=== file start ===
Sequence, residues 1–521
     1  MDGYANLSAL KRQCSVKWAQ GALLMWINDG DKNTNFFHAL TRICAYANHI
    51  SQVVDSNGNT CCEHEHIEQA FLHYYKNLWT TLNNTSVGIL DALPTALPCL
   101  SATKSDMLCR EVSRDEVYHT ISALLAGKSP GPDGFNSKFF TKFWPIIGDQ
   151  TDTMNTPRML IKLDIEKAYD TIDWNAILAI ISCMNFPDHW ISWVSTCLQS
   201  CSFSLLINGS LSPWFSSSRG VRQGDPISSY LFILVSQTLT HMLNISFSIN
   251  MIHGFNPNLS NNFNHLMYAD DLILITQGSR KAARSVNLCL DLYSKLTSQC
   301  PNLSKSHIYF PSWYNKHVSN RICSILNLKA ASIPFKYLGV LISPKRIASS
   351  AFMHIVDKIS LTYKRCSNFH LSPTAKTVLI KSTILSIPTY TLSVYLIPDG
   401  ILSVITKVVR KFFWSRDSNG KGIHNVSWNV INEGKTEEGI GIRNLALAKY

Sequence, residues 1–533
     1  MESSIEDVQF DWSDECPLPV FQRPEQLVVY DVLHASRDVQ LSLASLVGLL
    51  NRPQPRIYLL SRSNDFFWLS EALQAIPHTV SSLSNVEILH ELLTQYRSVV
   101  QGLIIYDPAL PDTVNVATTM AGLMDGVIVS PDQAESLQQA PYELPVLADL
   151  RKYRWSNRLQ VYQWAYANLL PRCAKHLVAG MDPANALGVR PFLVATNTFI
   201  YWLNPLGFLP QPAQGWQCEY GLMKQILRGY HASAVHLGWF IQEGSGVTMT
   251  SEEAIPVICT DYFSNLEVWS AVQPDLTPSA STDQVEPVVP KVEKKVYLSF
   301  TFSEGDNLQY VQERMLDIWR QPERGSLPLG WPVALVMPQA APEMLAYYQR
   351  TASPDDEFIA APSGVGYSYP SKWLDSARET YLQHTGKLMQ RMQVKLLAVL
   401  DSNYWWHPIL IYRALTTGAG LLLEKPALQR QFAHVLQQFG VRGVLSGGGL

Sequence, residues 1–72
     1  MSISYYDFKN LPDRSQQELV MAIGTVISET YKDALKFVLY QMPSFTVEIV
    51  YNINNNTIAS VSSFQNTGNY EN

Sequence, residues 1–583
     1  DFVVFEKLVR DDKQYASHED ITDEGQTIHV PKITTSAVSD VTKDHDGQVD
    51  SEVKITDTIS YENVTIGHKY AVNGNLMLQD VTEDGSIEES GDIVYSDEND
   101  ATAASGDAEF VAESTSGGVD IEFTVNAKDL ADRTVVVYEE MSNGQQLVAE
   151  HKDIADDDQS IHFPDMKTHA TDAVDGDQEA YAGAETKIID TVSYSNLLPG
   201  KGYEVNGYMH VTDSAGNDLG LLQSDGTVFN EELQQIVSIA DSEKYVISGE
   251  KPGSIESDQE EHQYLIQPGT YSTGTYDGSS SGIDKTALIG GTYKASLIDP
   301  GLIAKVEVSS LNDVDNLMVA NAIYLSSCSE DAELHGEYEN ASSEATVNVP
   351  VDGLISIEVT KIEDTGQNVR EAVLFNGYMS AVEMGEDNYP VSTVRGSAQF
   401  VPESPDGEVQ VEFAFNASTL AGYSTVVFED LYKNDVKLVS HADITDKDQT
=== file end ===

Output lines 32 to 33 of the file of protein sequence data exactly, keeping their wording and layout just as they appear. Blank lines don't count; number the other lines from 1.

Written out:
   351  VDGLISIEVT KIEDTGQNVR EAVLFNGYMS AVEMGEDNYP VSTVRGSAQF
   401  VPESPDGEVQ VEFAFNASTL AGYSTVVFED LYKNDVKLVS HADITDKDQT